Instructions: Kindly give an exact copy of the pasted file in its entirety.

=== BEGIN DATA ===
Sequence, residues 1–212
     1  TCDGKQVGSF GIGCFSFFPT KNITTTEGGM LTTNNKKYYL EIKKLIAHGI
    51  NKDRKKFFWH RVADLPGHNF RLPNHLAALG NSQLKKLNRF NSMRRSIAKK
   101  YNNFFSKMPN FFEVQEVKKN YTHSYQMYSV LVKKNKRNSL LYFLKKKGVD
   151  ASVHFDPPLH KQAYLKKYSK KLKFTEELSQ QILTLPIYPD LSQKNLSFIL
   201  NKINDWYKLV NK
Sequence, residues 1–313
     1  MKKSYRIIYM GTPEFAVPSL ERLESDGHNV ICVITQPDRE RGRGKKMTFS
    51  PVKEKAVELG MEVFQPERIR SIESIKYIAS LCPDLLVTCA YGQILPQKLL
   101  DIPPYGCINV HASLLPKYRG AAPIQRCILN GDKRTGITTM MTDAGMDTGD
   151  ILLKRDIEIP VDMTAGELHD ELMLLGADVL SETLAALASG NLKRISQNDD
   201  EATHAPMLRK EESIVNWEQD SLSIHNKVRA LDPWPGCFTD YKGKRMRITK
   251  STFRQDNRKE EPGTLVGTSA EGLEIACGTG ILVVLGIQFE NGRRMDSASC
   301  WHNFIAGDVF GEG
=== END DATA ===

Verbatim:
Sequence, residues 1–212
     1  TCDGKQVGSF GIGCFSFFPT KNITTTEGGM LTTNNKKYYL EIKKLIAHGI
    51  NKDRKKFFWH RVADLPGHNF RLPNHLAALG NSQLKKLNRF NSMRRSIAKK
   101  YNNFFSKMPN FFEVQEVKKN YTHSYQMYSV LVKKNKRNSL LYFLKKKGVD
   151  ASVHFDPPLH KQAYLKKYSK KLKFTEELSQ QILTLPIYPD LSQKNLSFIL
   201  NKINDWYKLV NK
Sequence, residues 1–313
     1  MKKSYRIIYM GTPEFAVPSL ERLESDGHNV ICVITQPDRE RGRGKKMTFS
    51  PVKEKAVELG MEVFQPERIR SIESIKYIAS LCPDLLVTCA YGQILPQKLL
   101  DIPPYGCINV HASLLPKYRG AAPIQRCILN GDKRTGITTM MTDAGMDTGD
   151  ILLKRDIEIP VDMTAGELHD ELMLLGADVL SETLAALASG NLKRISQNDD
   201  EATHAPMLRK EESIVNWEQD SLSIHNKVRA LDPWPGCFTD YKGKRMRITK
   251  STFRQDNRKE EPGTLVGTSA EGLEIACGTG ILVVLGIQFE NGRRMDSASC
   301  WHNFIAGDVF GEG